I could sit on it for hours, fascinated by the puzzle it set me. ~Carl Jung, MDR, Page 20

Carl Jung on "Intellect" - Anthology




Consciousness is becoming aware of, making an image or concept of something, and intellect is the ability to think. Neither of these things is spirit. ~Carl Jung, ETH Lecture 26 Jan 1940.

We meet with the possibility of a very dangerous misunderstanding here, because if we call becoming conscious becoming spirit, we think that consciousness is spirit and thus mix up the intellect and the spirit. Spirit is in no way intellect, it is something totally different. ~Carl Jung, ETH Lecture 26 Jan 1940

The mighty of this earth are usually very ordinary human beings, no giants in intellect or stature. ~Carl Jung, ETH Lecture 8th Dec 1939

Oh, I quite agree with you, intellect is a great sorcerer: it can make even itself disappear. ~Carl Jung, Letters Vol. I, Page 134

We are awakening a little to the feeling that something is wrong in the world, that our modern prejudice of overestimating the importance of the intellect and the conscious mind might be false. ~Carl Jung, C.G. Jung Speaking, Page 49.

The utterances of the heart— unlike those of the discriminating intellect—always relate to the whole. ~Carl Jung, CW 18, Para 1719

Our psychic prehistory is in truth the spirit of gravity, which needs steps and ladders because, unlike the disembodied airy intellect, it cannot fly at will. ~Carl Jung, CW 12, Para 79

Experience of the opposites has nothing whatever to do with intellectual insight or with empathy. It is more what we would call fate. ~Carl Jung, CW 12, Para 23.

But besides that [Intellect] there is a thinking in primordial images, in symbols which are older than the historical man, which are inborn in him from the earliest times, and, eternally living, outlasting all generations, still make up the groundwork of the human psyche. ~Carl Jung, CW 8, Para 794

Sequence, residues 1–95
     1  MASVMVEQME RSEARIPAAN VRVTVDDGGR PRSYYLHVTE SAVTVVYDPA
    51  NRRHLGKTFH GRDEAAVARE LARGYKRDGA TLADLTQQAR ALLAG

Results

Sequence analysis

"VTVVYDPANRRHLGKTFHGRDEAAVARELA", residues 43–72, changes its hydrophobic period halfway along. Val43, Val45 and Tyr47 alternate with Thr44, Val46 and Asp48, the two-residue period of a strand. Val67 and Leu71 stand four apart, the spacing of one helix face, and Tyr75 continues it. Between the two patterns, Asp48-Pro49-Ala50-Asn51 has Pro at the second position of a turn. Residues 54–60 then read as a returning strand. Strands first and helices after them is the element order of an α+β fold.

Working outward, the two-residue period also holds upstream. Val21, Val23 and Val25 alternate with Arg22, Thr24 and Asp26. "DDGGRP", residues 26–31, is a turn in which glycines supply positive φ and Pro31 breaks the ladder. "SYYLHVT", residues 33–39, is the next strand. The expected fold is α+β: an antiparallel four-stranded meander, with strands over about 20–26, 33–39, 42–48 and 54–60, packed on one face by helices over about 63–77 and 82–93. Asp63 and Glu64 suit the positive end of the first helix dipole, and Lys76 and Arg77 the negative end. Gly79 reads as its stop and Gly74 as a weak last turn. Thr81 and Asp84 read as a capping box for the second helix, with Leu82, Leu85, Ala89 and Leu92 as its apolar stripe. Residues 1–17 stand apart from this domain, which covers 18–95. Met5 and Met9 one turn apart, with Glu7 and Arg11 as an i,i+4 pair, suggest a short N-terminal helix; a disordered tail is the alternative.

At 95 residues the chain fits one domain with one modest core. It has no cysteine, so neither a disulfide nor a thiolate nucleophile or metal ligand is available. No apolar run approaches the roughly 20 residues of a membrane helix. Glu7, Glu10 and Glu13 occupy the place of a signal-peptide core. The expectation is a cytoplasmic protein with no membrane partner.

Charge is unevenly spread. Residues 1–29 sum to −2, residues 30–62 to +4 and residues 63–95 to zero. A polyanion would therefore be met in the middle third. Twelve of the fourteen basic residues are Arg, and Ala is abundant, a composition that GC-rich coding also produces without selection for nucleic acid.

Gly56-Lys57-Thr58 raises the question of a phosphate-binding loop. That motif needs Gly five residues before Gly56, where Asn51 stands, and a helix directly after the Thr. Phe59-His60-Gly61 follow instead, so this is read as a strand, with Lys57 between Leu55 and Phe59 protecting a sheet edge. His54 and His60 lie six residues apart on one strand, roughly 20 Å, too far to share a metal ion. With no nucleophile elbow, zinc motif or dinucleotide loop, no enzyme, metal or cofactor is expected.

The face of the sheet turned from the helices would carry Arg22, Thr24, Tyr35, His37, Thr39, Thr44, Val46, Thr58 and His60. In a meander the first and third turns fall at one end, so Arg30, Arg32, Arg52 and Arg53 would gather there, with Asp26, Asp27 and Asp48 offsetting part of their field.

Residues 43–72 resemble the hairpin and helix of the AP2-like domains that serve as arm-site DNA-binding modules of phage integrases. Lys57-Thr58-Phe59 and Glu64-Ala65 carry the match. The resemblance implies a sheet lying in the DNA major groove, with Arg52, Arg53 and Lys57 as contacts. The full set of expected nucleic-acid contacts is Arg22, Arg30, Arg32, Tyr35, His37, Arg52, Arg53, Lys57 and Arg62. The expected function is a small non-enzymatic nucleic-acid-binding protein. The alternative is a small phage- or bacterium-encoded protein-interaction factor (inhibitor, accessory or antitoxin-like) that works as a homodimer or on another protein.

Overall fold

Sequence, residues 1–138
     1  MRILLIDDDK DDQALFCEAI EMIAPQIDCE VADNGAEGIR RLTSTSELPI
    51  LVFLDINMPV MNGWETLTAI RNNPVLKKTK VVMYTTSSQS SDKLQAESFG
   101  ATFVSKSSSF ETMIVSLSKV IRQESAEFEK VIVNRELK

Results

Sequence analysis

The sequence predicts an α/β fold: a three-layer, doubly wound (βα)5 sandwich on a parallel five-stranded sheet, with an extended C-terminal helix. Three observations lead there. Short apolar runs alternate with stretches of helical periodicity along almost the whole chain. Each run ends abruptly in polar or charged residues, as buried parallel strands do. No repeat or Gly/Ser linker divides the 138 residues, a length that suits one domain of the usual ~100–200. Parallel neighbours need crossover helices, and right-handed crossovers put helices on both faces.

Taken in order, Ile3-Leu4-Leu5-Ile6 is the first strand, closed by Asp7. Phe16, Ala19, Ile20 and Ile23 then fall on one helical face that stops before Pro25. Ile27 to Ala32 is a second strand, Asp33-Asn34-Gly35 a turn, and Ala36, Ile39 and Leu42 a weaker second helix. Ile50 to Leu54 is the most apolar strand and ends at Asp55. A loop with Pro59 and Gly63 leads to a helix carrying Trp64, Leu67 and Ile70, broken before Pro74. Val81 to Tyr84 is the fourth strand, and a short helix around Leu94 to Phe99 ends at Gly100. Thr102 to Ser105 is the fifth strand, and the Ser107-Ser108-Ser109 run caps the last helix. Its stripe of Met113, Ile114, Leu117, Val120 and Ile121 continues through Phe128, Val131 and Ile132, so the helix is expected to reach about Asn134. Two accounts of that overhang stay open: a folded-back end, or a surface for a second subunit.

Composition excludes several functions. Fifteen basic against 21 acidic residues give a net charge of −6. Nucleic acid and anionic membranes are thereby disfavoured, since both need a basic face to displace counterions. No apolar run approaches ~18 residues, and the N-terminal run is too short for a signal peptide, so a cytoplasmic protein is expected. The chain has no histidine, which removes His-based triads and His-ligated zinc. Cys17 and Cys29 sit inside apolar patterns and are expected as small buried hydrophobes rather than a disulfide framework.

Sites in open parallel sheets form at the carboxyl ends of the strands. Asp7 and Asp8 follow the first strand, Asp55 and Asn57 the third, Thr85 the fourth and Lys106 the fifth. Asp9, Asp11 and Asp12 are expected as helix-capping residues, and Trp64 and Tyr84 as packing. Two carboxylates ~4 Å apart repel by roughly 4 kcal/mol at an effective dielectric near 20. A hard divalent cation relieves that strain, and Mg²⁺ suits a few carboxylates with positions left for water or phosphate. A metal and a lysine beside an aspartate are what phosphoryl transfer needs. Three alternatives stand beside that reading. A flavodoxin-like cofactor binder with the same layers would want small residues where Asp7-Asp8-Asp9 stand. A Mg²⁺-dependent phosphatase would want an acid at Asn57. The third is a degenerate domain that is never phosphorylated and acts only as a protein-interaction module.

In other words, in order to undergo a far-reaching psychological development, neither outstanding intelligence nor any other talent is necessary, since in this development moral qualities can make up for intellectual shortcomings. ~Carl Jung, CW 7, Para 198

For alchemy is the mother of the essential substance as well as the concreteness of modern scientific thinking, and not scholasticism, which was responsible in the main only for the discipline and training of the intellect. ~Carl Jung, CW 9ii, Para 266.

Since one's feelings seem to be a highly unsuitable organ for judging this kind of art [Modern], one is forced to appeal to the intellect or to intuition in order to gain any access to it. ~Carl Jung, Letters Vol. II, Pages 585-586.

You cannot get directly to the inferior function from the superior, it must always be via the auxiliary function. Intellect will not hold together sensation and intuition, rather it will separate them. Such a destructive attempt will be checked by feeling, which backs up intuition. ~Carl Jung, 1925 Seminar, Page 75

When the intellect or any superior function is pushed that far, it becomes bloodless and takes on an airy, gas-like character. ~Carl Jung, 1925 Seminar, Page 66

I had killed my intellect, helped on to the deed by a personification of the collective unconscious, the little brown man with me. ~Carl Jung, 1925 Seminar, Page 62

I suppose that my books expect a human understanding of which the intellectual world or the world of intellect is afraid, although I can easily understand why that is so. ~Carl Jung, Letters Vol. II, Pages 497-498

It seems to me that transcendental judgments of the intellect are absolutely impossible and therefore vacuous. But in spite of Kant and epistemology they crop up again and again and can evidently not be suppressed. ~Carl Jung, Letters Vol. II, Pages 249-251.

Only my intellect has anything to do with purusha-atman or Tao, but not my living thralldom. This is local, barbaric, infantile, and abysmally unscientific. ~Carl Jung, Letters Vol. II, Pages 32-35.

If God had foreseen his world, it would be a mere senseless machine and Man's existence a useless freak. My intellect can envisage the latter possibility, but the whole of my being says 'No' to it. ~Carl Jung, Letters Vol. II, 14Sept1960.